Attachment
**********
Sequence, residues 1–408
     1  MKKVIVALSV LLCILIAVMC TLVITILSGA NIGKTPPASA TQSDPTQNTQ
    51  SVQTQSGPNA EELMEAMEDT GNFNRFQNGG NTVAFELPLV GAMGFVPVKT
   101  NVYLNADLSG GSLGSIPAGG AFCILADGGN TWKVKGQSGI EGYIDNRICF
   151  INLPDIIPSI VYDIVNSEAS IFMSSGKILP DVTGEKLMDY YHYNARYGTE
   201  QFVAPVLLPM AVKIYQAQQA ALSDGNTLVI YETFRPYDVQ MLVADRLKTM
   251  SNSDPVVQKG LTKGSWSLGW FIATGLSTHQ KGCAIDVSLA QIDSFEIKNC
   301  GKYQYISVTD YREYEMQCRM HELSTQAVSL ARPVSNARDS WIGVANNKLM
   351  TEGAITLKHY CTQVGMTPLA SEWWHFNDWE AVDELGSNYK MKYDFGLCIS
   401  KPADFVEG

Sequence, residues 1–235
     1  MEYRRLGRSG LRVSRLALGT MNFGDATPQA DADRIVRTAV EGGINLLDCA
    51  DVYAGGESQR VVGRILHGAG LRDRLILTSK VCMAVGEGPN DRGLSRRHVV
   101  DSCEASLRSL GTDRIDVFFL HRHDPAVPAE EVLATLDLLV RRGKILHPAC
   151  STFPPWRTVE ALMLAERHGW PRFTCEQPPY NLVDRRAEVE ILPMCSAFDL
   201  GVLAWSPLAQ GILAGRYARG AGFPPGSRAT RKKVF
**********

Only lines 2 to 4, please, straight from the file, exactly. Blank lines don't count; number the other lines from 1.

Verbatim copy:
     1  MKKVIVALSV LLCILIAVMC TLVITILSGA NIGKTPPASA TQSDPTQNTQ
    51  SVQTQSGPNA EELMEAMEDT GNFNRFQNGG NTVAFELPLV GAMGFVPVKT
   101  NVYLNADLSG GSLGSIPAGG AFCILADGGN TWKVKGQSGI EGYIDNRICF